In most cases, a successful building usually comes with a story, whether it’s a good or a bad one. The “character” of the space or the “character” in the space is therefore undeniable in narrating the plot in architecture.
Sir John Soane’s museum in London is a building that cannot exist without its characters and their stories. It is a building that was built in phases and closely related to Soane’s own personal life, from his knighted years to the later solidarity and betrayed second half of his life. (Soane died in 1837 estranged from his surviving son, George.)
This project borrows the license to experiment and draw in homage to Giovanni Battista Piranesi, Joseph Michael Gandy, and William Hogarth—to whom Soane himself highly associated with during the process of building.
This drawing experiment started off with the hypothesis that traditional orthographic architectural drawings are not sufficient to tell the full story of a building. The project uses the medium of graphic novels to narrate the architecture hand in hand with the hidden stories behind objects, materials, sequence, and most importantly the intangible qualities of the museum.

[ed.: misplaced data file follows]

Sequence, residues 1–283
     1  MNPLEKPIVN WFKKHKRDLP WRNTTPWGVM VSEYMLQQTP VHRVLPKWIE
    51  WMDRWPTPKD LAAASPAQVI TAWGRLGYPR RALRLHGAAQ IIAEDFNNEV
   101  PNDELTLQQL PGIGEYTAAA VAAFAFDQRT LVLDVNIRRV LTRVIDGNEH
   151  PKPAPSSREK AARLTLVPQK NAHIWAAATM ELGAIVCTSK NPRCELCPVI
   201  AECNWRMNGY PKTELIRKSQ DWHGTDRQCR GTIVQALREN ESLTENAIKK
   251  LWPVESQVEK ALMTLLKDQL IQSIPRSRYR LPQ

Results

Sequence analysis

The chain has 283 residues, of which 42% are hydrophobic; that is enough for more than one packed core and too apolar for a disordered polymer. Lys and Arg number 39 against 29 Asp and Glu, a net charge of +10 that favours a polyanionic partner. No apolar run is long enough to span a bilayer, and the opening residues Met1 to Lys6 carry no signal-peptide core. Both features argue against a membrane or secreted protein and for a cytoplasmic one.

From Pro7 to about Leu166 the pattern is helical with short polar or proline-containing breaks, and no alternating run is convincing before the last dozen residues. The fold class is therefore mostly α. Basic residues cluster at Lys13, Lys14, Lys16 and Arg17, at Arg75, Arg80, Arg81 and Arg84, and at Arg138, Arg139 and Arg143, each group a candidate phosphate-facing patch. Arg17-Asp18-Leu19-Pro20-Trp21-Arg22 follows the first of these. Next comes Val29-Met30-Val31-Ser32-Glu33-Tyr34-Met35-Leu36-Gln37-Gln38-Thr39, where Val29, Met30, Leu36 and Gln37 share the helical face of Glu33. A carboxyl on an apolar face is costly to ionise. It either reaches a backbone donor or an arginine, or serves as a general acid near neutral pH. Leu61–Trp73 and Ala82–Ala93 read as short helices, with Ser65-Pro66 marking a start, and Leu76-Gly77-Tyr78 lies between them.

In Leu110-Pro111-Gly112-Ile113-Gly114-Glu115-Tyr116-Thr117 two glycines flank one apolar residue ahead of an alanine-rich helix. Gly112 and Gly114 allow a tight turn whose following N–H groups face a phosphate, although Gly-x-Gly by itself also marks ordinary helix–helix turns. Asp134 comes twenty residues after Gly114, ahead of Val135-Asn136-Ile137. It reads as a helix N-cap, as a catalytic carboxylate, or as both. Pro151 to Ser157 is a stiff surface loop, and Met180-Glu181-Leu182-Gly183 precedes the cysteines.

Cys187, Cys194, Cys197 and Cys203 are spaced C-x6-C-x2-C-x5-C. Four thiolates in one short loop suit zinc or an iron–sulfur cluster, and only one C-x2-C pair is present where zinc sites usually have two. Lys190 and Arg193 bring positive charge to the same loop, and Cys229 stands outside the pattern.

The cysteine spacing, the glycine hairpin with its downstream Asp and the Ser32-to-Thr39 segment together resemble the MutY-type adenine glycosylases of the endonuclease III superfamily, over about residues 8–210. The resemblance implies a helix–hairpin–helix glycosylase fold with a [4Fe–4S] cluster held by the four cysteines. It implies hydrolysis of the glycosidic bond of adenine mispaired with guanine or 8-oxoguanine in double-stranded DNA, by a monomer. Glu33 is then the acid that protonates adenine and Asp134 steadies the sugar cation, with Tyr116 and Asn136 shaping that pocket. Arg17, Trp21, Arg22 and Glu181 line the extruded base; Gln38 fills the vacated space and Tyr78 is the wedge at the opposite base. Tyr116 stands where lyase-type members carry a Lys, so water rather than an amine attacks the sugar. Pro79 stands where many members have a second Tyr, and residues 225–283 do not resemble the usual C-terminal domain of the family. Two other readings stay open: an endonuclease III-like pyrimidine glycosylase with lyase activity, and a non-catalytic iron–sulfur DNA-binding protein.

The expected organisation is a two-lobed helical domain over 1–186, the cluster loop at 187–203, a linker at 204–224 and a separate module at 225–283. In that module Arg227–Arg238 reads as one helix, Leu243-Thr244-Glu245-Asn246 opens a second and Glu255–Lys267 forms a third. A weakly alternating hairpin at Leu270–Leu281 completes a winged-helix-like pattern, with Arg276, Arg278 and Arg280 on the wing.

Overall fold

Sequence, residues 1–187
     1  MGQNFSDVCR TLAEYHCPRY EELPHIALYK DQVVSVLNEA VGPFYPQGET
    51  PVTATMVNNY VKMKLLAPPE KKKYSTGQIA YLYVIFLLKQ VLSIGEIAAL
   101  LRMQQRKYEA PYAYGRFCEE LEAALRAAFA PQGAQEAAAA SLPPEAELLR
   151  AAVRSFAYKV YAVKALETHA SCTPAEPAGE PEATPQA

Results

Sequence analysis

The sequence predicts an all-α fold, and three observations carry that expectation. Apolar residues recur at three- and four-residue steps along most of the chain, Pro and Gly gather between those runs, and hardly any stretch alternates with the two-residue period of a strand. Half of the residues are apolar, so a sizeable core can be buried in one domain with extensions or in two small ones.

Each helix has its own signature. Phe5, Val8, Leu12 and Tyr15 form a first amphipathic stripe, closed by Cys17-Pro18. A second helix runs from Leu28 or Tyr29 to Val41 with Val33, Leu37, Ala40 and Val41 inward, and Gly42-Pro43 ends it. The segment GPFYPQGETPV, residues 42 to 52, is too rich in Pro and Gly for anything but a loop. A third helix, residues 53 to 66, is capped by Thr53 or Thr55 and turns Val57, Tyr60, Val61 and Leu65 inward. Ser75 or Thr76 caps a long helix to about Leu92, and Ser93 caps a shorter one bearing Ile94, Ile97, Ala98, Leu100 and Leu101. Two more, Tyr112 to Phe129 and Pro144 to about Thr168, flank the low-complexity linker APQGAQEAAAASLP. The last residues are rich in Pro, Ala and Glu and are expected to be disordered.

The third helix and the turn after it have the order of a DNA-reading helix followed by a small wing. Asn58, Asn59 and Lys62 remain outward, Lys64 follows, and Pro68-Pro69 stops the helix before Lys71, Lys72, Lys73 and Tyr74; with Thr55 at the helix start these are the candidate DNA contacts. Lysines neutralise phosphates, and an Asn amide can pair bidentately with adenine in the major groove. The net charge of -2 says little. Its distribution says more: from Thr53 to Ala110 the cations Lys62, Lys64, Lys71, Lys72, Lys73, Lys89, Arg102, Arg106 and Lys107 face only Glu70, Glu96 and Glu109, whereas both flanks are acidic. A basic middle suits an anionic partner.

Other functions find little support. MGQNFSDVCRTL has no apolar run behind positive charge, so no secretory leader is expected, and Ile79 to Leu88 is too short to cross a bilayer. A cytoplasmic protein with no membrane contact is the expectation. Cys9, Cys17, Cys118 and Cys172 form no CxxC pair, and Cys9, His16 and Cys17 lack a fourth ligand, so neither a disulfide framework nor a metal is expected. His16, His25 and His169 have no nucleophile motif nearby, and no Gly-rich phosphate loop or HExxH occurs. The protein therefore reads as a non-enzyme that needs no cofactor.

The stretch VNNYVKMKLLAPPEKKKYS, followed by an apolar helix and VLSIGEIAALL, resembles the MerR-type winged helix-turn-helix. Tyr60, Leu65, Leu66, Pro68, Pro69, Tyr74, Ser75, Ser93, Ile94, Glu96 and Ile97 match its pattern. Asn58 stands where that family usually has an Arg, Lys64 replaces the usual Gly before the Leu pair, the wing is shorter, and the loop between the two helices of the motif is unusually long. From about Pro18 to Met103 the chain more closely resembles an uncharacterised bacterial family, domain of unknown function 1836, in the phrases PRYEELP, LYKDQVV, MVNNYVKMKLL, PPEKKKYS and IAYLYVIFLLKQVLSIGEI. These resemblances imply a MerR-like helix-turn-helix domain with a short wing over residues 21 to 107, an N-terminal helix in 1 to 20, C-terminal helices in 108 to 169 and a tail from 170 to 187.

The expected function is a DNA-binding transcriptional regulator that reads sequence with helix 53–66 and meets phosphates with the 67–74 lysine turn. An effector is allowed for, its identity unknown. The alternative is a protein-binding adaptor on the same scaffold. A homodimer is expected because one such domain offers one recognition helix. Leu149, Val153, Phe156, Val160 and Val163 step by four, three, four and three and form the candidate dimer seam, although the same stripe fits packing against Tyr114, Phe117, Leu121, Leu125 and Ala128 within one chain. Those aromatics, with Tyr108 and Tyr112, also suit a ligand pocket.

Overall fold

Approaching the building from the perspective of Soane’s life was crucial to better understand how the building was used. Traces of domestic patterns and behavior can be seen throughout the architecture.
There are “rooms” of emotions that can only be narrated if one understands the journey through his life. A walk through the place requires one to put on his lens to understand the plot he built up behind the walls.
Decorative and ornamental objects may not be favorable in modern buildings, but they are part of the skin of the rooms at Soane’s. They were planned with the spaces and therefore the objects mean as much to the space as the space to the objects. They are objects specifically chosen by Soane to achieve a certain mood in each space. Every object tells a story.
A home is a museum of one’s personal life. A place where there can only be spaces that are unique to one’s personal character. It is an interesting typology when the architecture here is a mix of both.
It takes the architect’s unique persona to decide, compose, and pick every single item, material, and shape that will go into a space. In the case at Soane’s, the experience through the building is almost as if one is flipping through the pages of his diary.